Glycera dibranchiata is just the kind of creature you don’t want to find in the bottom of your beach bucket. They are called bloodworms because of their translucent skin. Long and venomous, the worms are native to both coasts of North America and have four sharp canines and a somewhat cranky temperament: As they burrow through the sand, they will attack anything they feel nearby.
“They protect their grass very well,” said Herbert Waite, a professor at the University of California, Santa Barbara, who studies the creatures. “I think they’re actually introverted people.”
When dissatisfied, the worms shoot out a peculiar-constructed trunk to grab their prey.
“You can imagine that if your head was a balloon, it would normally be sucked into your body. Then, when you want to eat, you blow it up and bite it and then you suck it back in,” said William Wonderly, a chemist also in Santa Barbara who worked with Dr. Waite to study the creatures. “It affects me a lot. reminiscent of the aliens in ‘Alien’ where they have a small mouth that they shoot out and retract.”
The worms have another trait that is less obvious, but just as strange. Sprouting from specialized cells on their skin, their canines are devilishly hard and made up of just three ingredients, including melanin. Although melanin is one of the pigments behind human skin and hair color, bloodworms somehow make it into a tough material infused with copper, which makes up a whopping 10 percent of fangs by weight. But how the worms carry out the chemical transformation used to be a mystery.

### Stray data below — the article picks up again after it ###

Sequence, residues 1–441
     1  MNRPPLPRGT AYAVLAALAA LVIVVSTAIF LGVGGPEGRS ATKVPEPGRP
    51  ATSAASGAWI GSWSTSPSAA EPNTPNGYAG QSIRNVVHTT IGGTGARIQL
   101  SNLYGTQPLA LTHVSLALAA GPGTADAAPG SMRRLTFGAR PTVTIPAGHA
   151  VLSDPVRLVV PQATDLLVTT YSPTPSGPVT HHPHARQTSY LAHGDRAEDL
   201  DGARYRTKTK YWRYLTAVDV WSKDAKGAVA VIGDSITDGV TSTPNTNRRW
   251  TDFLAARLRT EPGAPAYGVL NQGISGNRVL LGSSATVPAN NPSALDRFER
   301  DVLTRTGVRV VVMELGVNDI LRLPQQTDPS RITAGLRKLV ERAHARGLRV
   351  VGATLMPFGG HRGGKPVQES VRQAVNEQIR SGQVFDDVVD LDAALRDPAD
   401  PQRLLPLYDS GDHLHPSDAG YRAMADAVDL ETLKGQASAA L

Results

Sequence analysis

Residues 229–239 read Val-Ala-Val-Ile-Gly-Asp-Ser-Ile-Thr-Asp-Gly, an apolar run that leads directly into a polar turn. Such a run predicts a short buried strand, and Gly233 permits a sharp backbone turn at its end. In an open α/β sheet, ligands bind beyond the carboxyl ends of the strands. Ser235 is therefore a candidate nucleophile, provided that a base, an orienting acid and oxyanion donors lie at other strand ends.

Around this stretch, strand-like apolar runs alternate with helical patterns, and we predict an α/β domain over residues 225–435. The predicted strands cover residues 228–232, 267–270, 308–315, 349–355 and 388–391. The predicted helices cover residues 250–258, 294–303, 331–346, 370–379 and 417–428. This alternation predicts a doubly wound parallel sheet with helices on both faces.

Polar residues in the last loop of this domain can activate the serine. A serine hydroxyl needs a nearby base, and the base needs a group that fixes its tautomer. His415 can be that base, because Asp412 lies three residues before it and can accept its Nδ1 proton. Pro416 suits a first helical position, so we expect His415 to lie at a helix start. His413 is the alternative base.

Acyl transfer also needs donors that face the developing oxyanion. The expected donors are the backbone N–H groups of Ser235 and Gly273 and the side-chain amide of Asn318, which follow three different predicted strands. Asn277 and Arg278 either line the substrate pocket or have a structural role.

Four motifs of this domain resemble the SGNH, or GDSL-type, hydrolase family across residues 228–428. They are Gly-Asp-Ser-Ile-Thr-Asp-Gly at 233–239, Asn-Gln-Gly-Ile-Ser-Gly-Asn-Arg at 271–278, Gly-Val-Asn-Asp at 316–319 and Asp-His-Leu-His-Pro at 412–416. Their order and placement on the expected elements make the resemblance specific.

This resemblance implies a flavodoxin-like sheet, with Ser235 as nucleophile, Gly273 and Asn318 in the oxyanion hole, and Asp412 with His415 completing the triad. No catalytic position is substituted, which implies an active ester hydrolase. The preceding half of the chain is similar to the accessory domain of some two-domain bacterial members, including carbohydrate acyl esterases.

In an article published Monday in Matter magazine, Dr. Wonderly, Dr. Waite and colleagues show that the creatures do it by relying on the third ingredient in the canines, a deceptively simple protein with many talents. The find unlocks a biochemical secret to this unusual creature and shows how nature finds surprisingly simple ways to build complex anatomical features.
A bloodworm’s fangs grow from a series of cells that act as funnels and store the materials for their assembly, said Dr. wonderfully. The team examined the proteins used in these cells and identified one, called a multitasking protein, as an important part of the final product. This protein, they report in the new paper, is primarily made up of just two amino acids, a small number, but it plays a critical role in canine assembly.
The scientists found that the protein catalyzes a reaction to make melanin and recruit copper ions. It then bonds melanin into polymers, assembles itself and melanin into a structure, and uses copper to seal the whole thing together. Essentially, multitasking protein seems to divert melanin from its tendency to form into the blobs you’d see microscopically in people’s hair and skin, said Dr. wonderfully. That makes it something completely different: part of a deadly killing machine that hides in the sand.
Not all the mysteries of the bloodworm have been solved: little is known about how the organism first developed this system and how copper is handled in the worm’s body.
“A big question is how the copper concentrates in the jaws,” said Dr. wonderfully. “To really understand it, you need the baby worms. But because they have a complicated spawning cycle, they are difficult to breed in the lab.”
The team hopes to learn more about how the worms assemble this unusual polymer by studying how the melanin is produced and how the worm builds it from precursors in its body.
“There are so many things that nature has come up with in a very efficient, clever way,” said Dr. wait. “It takes basic science and a childlike curiosity to explore.”